11 May 2007 JavaOne – Advanced Groovy
Well after a couple of days of blue skies we’re back to good old San Francisco weather as both Mark and I have known it in the past – cold, wind and fog. So whereas a couple of days ago it seemed a shame to disappear into the underground caverns of the Moscone center, now it’s a relief to get out of the cold.
Most of the demos I’ve seen at JavaOne haven’t elicited much response from the audience. In fact, a surprising number have at-least partially failed and/or been poorly prepared. But today both Mark and I saw a demo that earned repeated applause from the audience – and it was driven entirely from the command-line.
The topic was ‘Advanced Groovy’ and the presenter was Rod Cope, CTO and founder of OpenLogic. Essentially a consultant, he claimed that OpenLogic had built the largest (and probably one of the only) production Groovy installations in the world. I found him to be an engaging speaker.
He started by giving a quick overview of the language. Whilst there wasn’t much in this for me that I didn’t already know, I did learn one thing: you can actually compile pure Java source code with Groovy, and then move the code over to Groovy on a line-by-line basis. That’s how closely related it is to the Java language.
Next he moved onto more advanced language features. I personally find that kind of thing interesting but to some people it’s probably a bit of a snore-fest. He talked about Expando Dynamic Objects, SwingBuilder (which is a Groovy version of the sort of Swing framework I mentioned in DSLs and Dynamic Languages ), Dynamic Language Extensions (although because of the limitations of the JVM, both Groovy and JRuby cannot quite match the power of language extensions in pure Ruby), and finally, the curiously-named concepts of ‘currying’ (not enough room to go into here – suffice to say that whilst it was interesting, it was a little worrying when he confessed that he’d only found it useful for testing and made a public appeal to the audience to tell him of any other uses it might have).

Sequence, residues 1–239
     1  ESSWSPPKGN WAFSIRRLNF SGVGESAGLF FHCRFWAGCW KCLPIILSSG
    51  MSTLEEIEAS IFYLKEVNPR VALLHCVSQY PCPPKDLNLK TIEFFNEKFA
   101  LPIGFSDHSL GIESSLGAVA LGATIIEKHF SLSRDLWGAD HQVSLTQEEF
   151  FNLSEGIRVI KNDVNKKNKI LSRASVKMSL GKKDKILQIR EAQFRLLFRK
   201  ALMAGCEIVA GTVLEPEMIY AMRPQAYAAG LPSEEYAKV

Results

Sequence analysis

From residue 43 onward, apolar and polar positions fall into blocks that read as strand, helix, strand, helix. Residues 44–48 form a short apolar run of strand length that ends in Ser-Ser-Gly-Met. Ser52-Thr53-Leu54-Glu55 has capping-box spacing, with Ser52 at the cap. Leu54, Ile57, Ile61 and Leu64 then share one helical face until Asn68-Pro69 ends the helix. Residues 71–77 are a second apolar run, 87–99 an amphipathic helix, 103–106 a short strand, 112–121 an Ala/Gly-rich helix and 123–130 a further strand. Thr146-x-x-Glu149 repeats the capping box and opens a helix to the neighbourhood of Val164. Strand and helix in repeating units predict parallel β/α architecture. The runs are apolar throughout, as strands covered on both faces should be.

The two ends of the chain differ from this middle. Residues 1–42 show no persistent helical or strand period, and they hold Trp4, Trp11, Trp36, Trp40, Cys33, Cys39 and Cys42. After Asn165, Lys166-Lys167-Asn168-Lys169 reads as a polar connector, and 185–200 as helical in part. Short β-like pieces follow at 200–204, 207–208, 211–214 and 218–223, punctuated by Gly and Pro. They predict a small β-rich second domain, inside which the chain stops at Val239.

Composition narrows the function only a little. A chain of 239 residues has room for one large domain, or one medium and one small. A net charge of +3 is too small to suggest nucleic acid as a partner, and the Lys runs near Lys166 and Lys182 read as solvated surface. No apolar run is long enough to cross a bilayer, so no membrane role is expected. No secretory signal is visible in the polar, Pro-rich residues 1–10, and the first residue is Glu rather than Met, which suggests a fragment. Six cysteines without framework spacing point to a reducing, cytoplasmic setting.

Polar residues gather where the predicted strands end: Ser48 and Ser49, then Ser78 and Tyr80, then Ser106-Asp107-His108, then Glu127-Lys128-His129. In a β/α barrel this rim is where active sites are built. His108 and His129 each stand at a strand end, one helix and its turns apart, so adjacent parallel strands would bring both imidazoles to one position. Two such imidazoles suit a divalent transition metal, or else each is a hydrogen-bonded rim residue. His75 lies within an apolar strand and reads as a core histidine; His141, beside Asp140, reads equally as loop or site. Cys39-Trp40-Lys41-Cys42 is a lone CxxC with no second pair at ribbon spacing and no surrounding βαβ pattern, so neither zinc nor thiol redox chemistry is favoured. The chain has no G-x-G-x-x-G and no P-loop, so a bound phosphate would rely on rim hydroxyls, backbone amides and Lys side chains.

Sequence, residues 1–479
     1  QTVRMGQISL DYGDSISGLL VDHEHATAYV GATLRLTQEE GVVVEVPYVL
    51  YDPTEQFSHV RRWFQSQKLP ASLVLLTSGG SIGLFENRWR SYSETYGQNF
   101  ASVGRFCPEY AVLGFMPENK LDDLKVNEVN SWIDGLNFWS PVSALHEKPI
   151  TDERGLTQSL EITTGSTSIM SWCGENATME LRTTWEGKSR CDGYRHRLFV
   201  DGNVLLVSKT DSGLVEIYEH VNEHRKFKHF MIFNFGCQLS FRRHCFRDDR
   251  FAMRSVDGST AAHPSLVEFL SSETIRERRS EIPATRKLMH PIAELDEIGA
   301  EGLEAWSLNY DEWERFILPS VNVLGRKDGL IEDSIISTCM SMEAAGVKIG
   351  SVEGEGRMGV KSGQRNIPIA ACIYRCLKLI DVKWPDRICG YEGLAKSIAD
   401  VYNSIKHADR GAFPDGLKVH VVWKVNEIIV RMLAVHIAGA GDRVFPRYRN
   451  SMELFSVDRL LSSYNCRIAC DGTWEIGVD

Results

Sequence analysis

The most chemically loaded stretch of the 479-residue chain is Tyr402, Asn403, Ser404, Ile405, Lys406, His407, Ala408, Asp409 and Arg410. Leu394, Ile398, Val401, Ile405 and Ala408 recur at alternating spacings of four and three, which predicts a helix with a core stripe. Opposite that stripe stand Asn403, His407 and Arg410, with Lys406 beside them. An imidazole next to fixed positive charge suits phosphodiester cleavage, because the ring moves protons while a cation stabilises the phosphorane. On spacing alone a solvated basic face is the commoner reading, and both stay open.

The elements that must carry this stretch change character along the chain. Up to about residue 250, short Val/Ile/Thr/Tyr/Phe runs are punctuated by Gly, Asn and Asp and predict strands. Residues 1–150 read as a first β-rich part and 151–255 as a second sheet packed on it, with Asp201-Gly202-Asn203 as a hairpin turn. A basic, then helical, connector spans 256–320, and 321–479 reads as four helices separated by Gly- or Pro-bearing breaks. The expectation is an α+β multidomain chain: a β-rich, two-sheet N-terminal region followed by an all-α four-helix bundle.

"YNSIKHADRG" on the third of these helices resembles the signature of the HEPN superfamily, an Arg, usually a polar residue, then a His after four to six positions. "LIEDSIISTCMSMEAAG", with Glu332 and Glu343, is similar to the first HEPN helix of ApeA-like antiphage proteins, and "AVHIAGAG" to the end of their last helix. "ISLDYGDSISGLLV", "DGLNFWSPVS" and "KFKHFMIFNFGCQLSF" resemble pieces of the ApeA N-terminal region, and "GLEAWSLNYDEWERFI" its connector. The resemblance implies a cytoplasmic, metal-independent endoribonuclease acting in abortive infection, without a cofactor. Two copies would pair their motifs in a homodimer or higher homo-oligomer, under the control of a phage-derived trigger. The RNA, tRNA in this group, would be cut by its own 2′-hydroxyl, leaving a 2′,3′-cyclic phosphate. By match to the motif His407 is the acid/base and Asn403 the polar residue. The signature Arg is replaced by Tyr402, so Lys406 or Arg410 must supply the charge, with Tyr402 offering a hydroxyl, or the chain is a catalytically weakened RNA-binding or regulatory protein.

But things got impressive when he went to the command-line and cranked up the Groovy shell – an interactive shell for executing Groovy code. Using the shell, he typed in about 4 lines of code for an XML-RPC server and started it up. Then he cracked open another Groovy shell and wrote a client in about 3 lines. He got the client to call the server and it worked without a hitch. This earned him his first round of applause. I’ve been able to create small client-server demos using Spring and RMI, but not that small, and not with XML-RPC.
But the best was yet to come. Using an optional Groovy module that leveraged the JACOB Java-COM bridge, he was able to pop-up Excel with one line of code, create a new spreadsheet in it with another line of code, put some values into the spreadsheet with a few more lines, put in some formulas with another line, then put a graph of the results into the spreadsheet. And he did this all remotely from the Groovy shell. Excel was in one window, the Groovy shell was in the other. That was when he got his second round of applause.
Next he wrote a few lines of SwingBuilder code to popup a separate Swing frame, got Excel to export its graph to an image file, and got the frame to display the image. And for his crowning achievement, he put a button on the frame that, when pushed, inserted random values into the spreadsheet – resulting in the graph being updated – re-exported the graph as an image and redisplayed it in the Swing frame. At this stage, the audience was truly impressed and let him know it.
Now whilst this may sound like a rather peculiar and contrived demo, let me say that having sat through three days of generally unimpressive demos – usually involving some IDE labouring over the generation of a dead-simple JSF or Ajax UI – this one was remarkable if only for the fact that it was typed-in directly from the command-line and came straight out of left-field. I’ve never seen the JVM interact so easily with a Windows app – in fact, I’ve hardly ever seen them interact at all. And whilst the bulk of the magic was done by JACOB – a framework that you could just as easily use from Java – the fact that Groovy made it possible in just a couple of lines of code, without any compilation and within a shell made it all the more compelling.
So hats off to Rod Cope. His unexpected but nevertheless impressive demo has opened my eyes to a whole new range of possibilities and will have me looking into Groovy some more.